Biden briefed on FAA outage, White House says no evidence of cyberattack
(The Hill) — The White House on Wednesday said it has not seen evidence of a cyberattack being the cause of a system outage at the Federal Aviation Administration (FAA) that has caused hundreds of flights to be delayed.
President Joe Biden was briefed on the outage and spoke with Transportation Secretary Pete Buttigieg on Wednesday morning, he said.
“They don’t know what the cause is,” Biden told reporters. “I told them to report directly to me when they find out. Aircraft can still land safely, just not take off right now. They don’t know what the cause of it is, they expect in a couple of hours they’ll have a good sense of what caused it and will respond at that time.”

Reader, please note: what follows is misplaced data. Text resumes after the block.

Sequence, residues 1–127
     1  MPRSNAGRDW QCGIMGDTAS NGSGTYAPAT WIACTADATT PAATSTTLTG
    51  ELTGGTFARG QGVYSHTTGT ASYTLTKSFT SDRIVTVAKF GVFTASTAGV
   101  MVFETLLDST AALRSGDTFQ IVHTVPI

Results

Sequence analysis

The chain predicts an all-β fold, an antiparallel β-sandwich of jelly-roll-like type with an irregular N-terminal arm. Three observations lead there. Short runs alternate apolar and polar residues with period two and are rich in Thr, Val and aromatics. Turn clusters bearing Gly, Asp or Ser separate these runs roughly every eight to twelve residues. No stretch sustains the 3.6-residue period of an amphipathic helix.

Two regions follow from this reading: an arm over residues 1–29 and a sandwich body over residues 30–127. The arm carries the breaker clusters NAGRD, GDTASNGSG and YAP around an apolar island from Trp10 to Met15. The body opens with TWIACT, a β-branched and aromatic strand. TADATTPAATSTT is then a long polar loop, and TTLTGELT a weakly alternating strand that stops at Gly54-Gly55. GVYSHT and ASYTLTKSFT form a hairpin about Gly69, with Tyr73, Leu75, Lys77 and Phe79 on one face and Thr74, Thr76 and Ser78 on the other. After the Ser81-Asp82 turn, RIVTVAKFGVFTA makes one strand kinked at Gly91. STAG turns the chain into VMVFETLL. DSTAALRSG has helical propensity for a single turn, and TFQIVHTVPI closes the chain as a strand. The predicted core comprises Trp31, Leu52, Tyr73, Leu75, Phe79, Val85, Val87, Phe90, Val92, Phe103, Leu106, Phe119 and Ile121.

White House press secretary Karine Jean-Pierre tweeted that “there is no evidence of a cyberattack at this point, but the President directed DOT to conduct a full investigation into the causes.”
The FAA posted at 6:30 a.m. that it was working to restore its Notice to Air Missions System, which informs pilots about closed runways, equipment outages, and other potential hazards along a flight route.
Planes that were already in the air were safe to land, but those still on the ground could not take off safely, the agency said. Planes were grounded until 9 a.m. while the FAA addressed the problem.
The issue caused the delay of hundreds of flights in the U.S.
It is the latest air travel issue domestically, coming roughly two weeks after Southwest Airlines canceled more than half of its flights over a three-day period after Christmas, leaving thousands of passengers stranded.
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